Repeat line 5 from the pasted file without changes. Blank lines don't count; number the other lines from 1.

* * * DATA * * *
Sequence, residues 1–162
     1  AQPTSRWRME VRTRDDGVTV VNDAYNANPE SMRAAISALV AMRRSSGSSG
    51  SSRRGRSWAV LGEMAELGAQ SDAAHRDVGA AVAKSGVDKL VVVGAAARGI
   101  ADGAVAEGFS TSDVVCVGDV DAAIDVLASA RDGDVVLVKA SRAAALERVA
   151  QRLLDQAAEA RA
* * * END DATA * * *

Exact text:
   151  QRLLDQAAEA RA